'My Old Lady' charming at times but slips into melodrama

By Barry Paris / Pittsburgh Post-Gazette

“I was born with a silver knife in my back,” says Mathias Gold, with an abundance of self-pity. But there’s an absence of gold and silver alike in his bank account, which is why he’s in Paris: He just inherited a valuable apartment there (in the 10 million euro range) from his estranged father and has come to claim and cash it in.

Convincingly played by Kevin Kline in “My Old Lady,” our American in Paris is a ne’er-do-well who has ne’er done well with females or finance. He has three divorces, one for each of his unpublished novels. He’s not what you’d call charming — tactless, actually. He speaks no French. He’s in a hurry to get in and get (money) out.

To his pleasant surprise, this windfall property comes with a beautiful old garden attached. To his less pleasant surprise, it also comes attached with aged Mathilde Girard (Maggie Smith) and her daughter Chloe (Kristin Scott Thomas), who have lived there for decades and have no intention — or obligation — to leave.

'My Old Lady' movie trailer

n American inherits an apartment in Paris that comes with an unexpected resident.

Are you interested in ancient French real estate law? Neither was Mathias until now, upon discovering something called en viager, a property-buying statute left over from Napoleonic days. It’s a kind of reverse-mortgage “equity release” and lifetime annuity plan by which the seller-occupant gets a monthly payment and the right to stay for life, in exchange for a big discount in the selling price. The buyer-owner must wait for the occupant to die before he can recover it — and, in this case, pay Mme. Girard 2400 euros a month for the privilege.

The old lady is thus comfortably “grandmothered” in, while the new Yankee owner is relegated to her late husband’s hunting-trophy room and left to fuss and fume with her imperious daughter, who is equally furious about the whole arrangement. There are plenty of secrets to be ferreted out as the characters exchange bits and pieces of (highly redacted) biographical information in the course of their residential war.

Seems that Mathilde had a relationship with Mathias’ unlamented father that increased the misery of his much-lamented mother. (Mathilde, a jazz lover, also had a fling with Django Reinhardt — which leads Mathias to ask her if she ever met Sigmund Freud.) Nowadays, she barters English lessons for her doctor bills and mayonnaise, and declares, “Precision is the key to a long life — precision and wine.” At 92, she’s depressingly healthy from his viewpoint. At 57, he’s depressingly aimless from hers.

“How do you get to be 57 and have nothing to show for it?” she inquires.

What initially appears to be a comedy of errors evolves into a darker, angrier, more emotional tale as the melodramatic revelations and arguments about marital morality intensify its second act. “Your father was right — you drink too much and you have no self-esteem,” says Mathilde. “Your father was generous to a fault.”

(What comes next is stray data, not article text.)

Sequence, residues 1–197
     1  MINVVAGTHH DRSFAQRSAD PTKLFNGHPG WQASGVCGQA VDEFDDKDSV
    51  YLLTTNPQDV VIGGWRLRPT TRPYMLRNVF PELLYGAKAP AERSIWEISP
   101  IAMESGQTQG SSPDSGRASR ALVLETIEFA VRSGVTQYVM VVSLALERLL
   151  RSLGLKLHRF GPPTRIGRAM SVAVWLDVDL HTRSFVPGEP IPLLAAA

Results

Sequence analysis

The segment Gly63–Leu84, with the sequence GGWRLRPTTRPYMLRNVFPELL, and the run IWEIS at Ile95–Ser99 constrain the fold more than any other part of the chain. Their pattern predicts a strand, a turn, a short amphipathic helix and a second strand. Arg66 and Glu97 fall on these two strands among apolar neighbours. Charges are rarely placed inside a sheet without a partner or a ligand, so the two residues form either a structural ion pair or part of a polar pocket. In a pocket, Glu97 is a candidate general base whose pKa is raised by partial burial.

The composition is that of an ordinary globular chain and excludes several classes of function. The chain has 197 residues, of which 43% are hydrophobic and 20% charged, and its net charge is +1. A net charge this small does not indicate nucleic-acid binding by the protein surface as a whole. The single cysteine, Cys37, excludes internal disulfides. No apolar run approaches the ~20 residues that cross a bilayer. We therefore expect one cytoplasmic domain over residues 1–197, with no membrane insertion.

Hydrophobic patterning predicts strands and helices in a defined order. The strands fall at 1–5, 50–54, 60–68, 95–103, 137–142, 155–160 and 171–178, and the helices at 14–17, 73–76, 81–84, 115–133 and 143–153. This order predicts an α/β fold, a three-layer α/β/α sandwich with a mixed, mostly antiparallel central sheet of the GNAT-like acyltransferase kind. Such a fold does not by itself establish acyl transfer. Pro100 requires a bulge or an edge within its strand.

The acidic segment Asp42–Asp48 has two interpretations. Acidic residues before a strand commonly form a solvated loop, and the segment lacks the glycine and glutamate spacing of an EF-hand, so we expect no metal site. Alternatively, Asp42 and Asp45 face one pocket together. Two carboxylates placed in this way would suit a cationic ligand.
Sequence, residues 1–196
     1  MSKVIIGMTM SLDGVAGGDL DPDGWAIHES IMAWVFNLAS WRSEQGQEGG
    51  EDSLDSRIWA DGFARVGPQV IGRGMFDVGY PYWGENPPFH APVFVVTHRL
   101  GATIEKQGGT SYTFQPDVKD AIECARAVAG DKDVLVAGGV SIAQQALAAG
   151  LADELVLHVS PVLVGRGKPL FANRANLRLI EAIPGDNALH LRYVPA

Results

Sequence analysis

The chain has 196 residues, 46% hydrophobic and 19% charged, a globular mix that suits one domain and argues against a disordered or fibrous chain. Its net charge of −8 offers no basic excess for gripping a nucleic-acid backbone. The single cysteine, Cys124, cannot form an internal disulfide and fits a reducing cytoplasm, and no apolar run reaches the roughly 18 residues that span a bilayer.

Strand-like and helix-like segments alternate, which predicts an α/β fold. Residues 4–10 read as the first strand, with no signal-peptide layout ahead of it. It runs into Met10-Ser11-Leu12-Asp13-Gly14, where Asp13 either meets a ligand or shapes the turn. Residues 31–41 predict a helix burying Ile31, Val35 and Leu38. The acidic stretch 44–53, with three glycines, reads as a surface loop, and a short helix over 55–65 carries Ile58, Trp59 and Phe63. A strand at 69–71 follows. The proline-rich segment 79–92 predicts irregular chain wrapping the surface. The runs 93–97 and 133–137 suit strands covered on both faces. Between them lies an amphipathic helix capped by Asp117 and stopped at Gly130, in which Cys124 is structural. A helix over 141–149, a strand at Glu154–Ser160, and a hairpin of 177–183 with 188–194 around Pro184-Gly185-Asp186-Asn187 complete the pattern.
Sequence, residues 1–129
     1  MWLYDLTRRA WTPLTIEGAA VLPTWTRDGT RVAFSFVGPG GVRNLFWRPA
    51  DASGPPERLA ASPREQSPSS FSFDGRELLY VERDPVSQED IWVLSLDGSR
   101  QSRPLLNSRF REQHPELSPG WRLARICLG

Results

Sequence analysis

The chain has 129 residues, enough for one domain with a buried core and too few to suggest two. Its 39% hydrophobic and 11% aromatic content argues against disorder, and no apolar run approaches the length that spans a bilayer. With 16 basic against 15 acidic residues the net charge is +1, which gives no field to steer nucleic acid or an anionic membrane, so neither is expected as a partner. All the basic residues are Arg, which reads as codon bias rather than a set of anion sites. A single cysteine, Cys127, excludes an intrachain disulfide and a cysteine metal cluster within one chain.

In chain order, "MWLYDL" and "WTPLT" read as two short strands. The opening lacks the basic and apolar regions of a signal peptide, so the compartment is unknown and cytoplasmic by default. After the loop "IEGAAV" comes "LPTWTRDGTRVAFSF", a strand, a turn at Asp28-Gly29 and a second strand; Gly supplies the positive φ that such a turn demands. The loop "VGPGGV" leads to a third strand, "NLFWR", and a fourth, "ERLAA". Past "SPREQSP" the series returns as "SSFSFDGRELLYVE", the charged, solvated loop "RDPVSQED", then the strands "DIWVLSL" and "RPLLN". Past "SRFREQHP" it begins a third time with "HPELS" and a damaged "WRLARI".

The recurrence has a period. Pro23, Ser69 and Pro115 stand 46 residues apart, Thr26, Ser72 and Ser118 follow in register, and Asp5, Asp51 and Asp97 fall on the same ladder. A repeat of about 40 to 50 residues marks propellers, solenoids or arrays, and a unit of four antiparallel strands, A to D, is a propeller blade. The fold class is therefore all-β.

“To YOU!” Mathias rages in reply.

This is director-writer Israel Horovitz’s feature film debut, based on his own three-character play of 2002. No surprise that his direction is stagy and that — despite a few nice exteriors in Paris’ popular Marais district — the camera seems as stuck in their dimly lit apartment as Mathias and the Girards.

The performances significantly (but not fully) compensate. Mr. Kline is soulful and affecting (except for a couple of over-the-top drunk soliloquies) in what might better have been a Robin Williams part. And Maggie Smith — sans wig, makeup and mannerisms — is admirably restrained.

Kristin Scott Thomas is a delight to rediscover. She has not done many films since her Oscar-nominated role in “The English Patient” (1996), subsequently living and working in France. She was terrific in the John Lennon biopic “Nowhere Boy” and in the powerful French post-prison drama “I’ve Loved You So Long” (both 2009). In that latter picture, and here, she speaks fluent French.

(“People will now go to films with subtitles, you know,” she said in a recent interview. “They're not afraid of them. It's one of the upsides of text messaging. Maybe the only good thing to come of it.”)

“My Old Lady” has charming moments and sentimental redemption but, as it gets soapier, resembles a pity party for people cursed by their parents. C’est la vie.

Also c’est la vie is that charmingly French, high-risk real estate scheme in which neither buyer nor seller knows how long those annuity payments will continue. A true cautionary news story: Under that arrangement, in 1965, a French speculator bought an expensive apartment in southern France from a certain Jeanne Calment, then 89. She outlived both the purchaser and his widow, who had to make payments for 32 years until Mme Calment departed in 1997 at the age of 122.

Post-Gazette film critic emeritus Barry Paris can be reached at parispg48@aol.com.

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